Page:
Elsewhere in Portrait of Naval Lieutenant D. Christian Schifter Feilberg he includes a small window, but the finicky touch appears reflected in the end of an epaulette.

There can be no doubt, Købke was an idealist. Recent history, such as the Napoleonic Wars, may have ravaged his homeland but he responds with landscapes and portraits of meticulous calm and a warm, often rosy light.

The only hint of trouble is found in his bold compositions. The Danish painter crops buildings and goes with unusual perspectives.

In Roof Ridge of Frederiksborg Castle with a View of Lake, Town and Forest it is the sky which fills most of the canvas. But Købke’s skies, whether blank, white and eternal, or filled with solid, static clouds also belie the passing of time.

Meanwhile, he paints the national flag, in View from Dosseringen Near the Sortedam Lake Looking Towards Nørrebro, with too much slow care for it to flutter.

But this was in one sense Denmark’s Golden Age. The arts were thriving. Both Søren Kierkegaard and Hans Christian Andersen were then writing. These were the good times which Købke’s aspic-like pictures did so well to preserve.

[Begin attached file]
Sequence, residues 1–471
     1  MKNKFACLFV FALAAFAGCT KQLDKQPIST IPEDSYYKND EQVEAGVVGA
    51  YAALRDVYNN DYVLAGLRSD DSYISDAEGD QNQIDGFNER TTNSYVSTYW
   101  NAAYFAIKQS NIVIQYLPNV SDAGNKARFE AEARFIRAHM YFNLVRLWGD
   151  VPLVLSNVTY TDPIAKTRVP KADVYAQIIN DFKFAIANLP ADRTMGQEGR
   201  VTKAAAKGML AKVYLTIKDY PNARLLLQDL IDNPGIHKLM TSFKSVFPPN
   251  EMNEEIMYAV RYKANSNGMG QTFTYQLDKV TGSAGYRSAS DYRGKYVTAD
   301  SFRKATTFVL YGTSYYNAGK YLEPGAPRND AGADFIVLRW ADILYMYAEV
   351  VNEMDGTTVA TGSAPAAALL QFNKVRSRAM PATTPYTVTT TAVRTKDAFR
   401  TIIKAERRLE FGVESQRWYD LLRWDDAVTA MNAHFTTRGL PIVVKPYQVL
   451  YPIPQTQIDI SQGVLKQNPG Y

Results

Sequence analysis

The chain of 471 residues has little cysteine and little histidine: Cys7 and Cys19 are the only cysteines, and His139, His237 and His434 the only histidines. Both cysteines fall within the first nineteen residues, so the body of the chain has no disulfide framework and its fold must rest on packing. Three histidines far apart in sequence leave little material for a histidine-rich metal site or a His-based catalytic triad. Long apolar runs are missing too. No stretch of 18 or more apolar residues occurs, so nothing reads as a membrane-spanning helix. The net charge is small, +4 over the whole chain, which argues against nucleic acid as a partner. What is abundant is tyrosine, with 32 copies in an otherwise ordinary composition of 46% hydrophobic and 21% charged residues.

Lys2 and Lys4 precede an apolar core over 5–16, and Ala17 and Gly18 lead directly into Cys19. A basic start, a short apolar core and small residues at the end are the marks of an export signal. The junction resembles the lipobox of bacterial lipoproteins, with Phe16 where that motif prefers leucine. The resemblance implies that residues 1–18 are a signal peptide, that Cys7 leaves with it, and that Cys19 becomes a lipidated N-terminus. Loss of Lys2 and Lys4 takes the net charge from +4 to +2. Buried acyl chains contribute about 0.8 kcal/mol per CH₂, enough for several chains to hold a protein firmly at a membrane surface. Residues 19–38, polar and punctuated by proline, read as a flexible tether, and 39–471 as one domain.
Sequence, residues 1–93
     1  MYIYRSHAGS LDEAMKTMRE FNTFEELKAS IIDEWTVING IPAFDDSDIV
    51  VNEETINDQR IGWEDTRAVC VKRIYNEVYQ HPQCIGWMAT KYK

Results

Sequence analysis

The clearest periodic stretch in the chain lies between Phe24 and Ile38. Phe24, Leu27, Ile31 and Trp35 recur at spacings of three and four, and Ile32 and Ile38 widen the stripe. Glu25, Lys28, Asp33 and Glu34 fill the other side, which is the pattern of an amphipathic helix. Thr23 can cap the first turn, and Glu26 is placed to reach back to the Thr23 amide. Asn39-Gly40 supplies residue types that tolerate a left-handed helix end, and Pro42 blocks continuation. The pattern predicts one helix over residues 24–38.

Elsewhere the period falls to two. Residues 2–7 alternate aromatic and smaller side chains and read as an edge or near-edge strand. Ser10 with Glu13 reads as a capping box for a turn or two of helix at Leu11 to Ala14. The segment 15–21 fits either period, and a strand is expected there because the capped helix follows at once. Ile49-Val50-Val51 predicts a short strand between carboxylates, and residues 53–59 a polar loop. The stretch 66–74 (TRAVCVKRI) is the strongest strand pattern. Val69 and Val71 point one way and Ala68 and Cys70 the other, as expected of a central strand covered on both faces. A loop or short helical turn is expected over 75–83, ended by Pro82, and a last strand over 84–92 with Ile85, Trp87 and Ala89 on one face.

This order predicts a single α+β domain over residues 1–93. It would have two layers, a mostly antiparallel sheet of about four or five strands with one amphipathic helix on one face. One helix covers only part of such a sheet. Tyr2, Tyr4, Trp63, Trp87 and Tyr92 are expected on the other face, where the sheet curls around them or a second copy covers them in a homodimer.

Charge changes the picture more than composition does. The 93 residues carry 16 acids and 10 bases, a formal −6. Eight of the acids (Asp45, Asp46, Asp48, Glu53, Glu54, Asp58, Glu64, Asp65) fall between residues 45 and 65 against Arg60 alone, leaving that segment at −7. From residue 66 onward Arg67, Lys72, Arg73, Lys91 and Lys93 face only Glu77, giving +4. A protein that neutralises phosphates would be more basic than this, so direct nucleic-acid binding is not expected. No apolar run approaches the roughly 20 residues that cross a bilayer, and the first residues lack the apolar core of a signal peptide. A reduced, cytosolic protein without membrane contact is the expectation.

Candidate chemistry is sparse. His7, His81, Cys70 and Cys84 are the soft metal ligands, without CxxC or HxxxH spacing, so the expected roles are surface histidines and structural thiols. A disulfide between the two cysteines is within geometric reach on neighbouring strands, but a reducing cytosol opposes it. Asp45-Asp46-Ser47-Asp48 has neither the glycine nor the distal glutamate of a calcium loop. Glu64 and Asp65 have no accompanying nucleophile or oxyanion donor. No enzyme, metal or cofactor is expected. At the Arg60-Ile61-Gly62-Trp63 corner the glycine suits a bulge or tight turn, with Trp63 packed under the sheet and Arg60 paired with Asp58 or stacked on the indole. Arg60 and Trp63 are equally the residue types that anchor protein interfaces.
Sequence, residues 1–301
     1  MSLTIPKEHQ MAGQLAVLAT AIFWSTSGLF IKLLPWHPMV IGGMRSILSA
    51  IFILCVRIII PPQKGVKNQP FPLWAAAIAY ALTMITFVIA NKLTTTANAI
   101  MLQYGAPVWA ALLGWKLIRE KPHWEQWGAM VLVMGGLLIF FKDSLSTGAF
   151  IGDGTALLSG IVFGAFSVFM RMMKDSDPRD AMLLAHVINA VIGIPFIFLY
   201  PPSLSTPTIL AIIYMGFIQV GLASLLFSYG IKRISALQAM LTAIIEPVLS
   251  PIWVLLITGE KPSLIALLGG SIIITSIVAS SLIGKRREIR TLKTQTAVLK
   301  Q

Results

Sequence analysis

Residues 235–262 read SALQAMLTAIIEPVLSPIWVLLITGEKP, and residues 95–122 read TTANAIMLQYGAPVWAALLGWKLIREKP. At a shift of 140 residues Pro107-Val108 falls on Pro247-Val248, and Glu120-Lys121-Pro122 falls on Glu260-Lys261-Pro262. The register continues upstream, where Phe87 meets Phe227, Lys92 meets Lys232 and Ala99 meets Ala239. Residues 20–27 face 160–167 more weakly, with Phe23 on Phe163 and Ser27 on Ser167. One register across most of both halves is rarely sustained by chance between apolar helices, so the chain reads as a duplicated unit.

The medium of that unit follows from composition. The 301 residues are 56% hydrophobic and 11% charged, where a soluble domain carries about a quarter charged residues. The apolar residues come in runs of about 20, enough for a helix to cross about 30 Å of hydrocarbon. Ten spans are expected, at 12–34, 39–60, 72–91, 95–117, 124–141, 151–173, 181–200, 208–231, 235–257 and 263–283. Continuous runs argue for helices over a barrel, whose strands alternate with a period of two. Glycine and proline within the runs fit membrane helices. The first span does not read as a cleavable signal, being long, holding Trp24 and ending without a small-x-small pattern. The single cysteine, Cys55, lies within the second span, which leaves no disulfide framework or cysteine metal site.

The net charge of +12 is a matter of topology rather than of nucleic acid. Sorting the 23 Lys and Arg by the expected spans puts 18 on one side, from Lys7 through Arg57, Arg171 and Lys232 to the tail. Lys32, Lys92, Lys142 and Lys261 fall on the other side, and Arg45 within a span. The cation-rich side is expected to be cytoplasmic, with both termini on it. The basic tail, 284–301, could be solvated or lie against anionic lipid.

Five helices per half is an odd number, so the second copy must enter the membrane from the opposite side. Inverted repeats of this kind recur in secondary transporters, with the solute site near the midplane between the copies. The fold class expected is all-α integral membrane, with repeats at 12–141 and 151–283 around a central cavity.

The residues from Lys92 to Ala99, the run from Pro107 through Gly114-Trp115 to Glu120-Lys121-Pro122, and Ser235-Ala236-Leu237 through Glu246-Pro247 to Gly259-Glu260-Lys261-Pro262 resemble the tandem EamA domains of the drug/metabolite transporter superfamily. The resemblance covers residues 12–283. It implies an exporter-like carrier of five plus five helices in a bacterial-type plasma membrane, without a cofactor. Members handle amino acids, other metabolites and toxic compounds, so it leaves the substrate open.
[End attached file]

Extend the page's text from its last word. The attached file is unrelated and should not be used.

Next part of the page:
Written for Culture24.

The Real Van Gogh: The Artist and his Letters at the Royal Academy

Still-life around a Plate of Onions: Kroller-Muller Museum, Otterlo, The Netherlands

Self Portrait as an Artist by Van Gogh is a defining image of the modern artist. The blue smock and bright palette are shorthand for genius. The red beard hints at the wildness we expect from this self-destructive master.

But alongside this painting, the Royal Academy offers us Van Gogh in context as a hard-working technician, a deep thinker and a gifted writer, with a lot more to him than the stunt with the ear might suggest. 

This is thanks to more than 900 surviving letters, about 40 of which have made it into the brilliant show. Letter 400 contains another self-portrait of sorts. An ink sketch shows a dark figure straining at the horizon, dragging a gridded plough.

The artist must go about his work, he writes, “with a conviction that one is doing something reasonable, like the peasant guiding his plough or like our friend in the scratch who is doing his harrowing.” 

Throughout his life, Van Gogh used letters to plough ahead with his art. Struggles with perspective, ideas about colour and a love of Japanese art are all worked through in neat handwriting.

His methodical approach is not unlike the farmwork or weaving he observed during formative years in Etten in the Netherlands. He drew peasants for a while to the exclusion of all other subjects When friends criticized a major painting, he responded by stepping up his efforts to capture rural folk. 

At that time, drawing was not so far removed from the soil. Landscape Near Montmajour would have been made using pens cut from reeds. The range of strokes is breathtaking. No wonder he writes in praise of the reed quality near Arles in the South of France.